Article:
Facilitators: Machelle Davison and Matt Vassar, Curriculum & Outcomes Assessment Co-ordinator,both Oklahoma State University, USA

5. ADOPT: Building a Strategy for the Academic Development of Peer Tutors

*** Please note that this workshop is now fully booked ***

Peer assisted learning is widely used and increasingly accepted within medical education including clinical skills teaching and learning and echoes calls from professional medical bodies to prepare undergraduates for their teaching role as doctors (British MedicalAssociation Board of Medical Education, 2006; General Medical Council, 2009). A range of approaches to the initial training of peer tutors have been described however, the literature is quiet when it comes to descriptions of programmes of ongoing developmen tfor peer tutors. A recent telephone survey (Jayasinghe & Evans, in press) suggested that such programmes were rare in the UK.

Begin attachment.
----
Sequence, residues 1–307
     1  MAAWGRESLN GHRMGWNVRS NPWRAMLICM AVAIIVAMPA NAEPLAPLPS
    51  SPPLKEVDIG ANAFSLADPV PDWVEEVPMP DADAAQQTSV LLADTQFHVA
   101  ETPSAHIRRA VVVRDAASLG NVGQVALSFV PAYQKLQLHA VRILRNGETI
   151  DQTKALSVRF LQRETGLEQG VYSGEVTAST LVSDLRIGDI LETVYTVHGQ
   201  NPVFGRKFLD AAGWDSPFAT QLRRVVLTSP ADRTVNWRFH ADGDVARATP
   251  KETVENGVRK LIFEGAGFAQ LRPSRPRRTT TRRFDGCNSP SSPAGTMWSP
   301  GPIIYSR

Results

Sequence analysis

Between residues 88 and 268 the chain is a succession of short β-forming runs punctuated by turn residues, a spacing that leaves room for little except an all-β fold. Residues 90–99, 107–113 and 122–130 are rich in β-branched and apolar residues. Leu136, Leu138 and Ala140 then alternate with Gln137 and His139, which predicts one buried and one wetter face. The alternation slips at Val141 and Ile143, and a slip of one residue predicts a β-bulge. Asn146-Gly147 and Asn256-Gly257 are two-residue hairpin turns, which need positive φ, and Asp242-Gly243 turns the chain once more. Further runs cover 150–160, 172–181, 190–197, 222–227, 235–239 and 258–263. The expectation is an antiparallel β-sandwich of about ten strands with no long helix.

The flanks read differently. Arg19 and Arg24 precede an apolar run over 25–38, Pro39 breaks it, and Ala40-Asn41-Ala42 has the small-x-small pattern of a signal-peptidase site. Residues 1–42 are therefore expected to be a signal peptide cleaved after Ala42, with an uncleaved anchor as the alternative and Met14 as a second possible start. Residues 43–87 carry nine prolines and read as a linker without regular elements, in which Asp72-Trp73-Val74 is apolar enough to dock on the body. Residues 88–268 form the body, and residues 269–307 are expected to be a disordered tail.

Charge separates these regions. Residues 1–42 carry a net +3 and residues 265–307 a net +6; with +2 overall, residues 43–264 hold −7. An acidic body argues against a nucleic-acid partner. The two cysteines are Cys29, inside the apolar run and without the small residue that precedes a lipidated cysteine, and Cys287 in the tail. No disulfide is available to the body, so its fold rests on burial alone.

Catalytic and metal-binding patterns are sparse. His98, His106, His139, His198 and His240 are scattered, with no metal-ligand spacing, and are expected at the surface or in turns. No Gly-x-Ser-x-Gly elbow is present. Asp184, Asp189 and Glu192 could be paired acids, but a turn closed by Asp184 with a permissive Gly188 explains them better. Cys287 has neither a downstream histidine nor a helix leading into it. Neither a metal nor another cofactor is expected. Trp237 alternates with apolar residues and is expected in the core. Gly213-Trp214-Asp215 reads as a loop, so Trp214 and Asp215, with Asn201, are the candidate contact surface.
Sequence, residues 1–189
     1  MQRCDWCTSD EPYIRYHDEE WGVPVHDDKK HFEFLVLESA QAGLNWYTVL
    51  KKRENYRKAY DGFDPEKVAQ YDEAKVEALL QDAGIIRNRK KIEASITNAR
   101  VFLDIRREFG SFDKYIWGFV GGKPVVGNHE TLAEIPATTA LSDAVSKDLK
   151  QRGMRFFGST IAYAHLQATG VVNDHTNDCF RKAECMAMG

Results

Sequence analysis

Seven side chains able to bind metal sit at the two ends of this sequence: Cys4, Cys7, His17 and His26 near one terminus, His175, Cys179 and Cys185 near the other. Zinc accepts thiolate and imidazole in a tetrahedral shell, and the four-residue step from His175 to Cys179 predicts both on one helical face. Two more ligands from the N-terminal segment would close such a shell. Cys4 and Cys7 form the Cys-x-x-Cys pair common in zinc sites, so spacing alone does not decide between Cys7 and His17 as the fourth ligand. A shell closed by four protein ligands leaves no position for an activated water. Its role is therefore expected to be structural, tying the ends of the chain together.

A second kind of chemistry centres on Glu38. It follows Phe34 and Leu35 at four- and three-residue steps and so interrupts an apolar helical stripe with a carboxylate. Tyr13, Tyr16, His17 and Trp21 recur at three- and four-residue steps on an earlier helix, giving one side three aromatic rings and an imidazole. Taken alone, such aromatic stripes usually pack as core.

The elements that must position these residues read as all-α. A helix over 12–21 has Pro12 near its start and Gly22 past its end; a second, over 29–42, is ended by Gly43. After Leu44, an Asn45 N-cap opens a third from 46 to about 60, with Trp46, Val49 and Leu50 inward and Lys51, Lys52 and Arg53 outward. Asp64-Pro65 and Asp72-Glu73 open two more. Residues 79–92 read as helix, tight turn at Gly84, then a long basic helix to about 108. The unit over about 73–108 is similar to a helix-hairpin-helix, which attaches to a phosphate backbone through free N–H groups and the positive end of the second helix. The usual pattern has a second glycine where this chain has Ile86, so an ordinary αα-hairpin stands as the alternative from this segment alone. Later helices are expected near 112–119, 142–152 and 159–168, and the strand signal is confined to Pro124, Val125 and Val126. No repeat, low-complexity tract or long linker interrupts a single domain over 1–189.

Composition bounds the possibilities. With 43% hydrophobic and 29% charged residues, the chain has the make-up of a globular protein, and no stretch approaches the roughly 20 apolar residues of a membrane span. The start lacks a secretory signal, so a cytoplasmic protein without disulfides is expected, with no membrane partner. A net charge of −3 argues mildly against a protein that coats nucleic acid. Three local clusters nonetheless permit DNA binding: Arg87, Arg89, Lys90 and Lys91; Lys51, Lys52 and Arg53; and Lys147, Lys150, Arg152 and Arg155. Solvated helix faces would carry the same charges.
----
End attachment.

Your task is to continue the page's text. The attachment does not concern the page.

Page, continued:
St George's, University of London (SGUL) has one of the largest peer tutor programmes in the word, with most of its clinical skills curriculum in the early years being deliveredby a bank of 300 peer tutors. These tutors are selected through a rigorous short listingprocess; attend a peer tutor training day, which includes theory and micro-teaching; and undergo some supervised teaching and evaluation before obtaining a "basic teaching certificate". At this time they can start teaching with us, and they are paid University of London student demonstrator rates for the teaching that they engage in.

These peer tutors deliver extensive core clinical skills teaching in the early years of the medical curriculum, with over 600 junior students taught clinical skills in small groupsof 5-8 students, within a typical week. A wide range of clinical skills are covered in aspiral and integrated curriculum. A typical teaching week requires around 60 small group tutors, and in busy weeks this increases to almost 100, with each tutor teaching two 90 minute sessions in one teaching slot. This interactive workshop aims to explore what a development programme for peer tutors should include, and in what ways it should be similar and in what ways different from programmes for qualified faculty.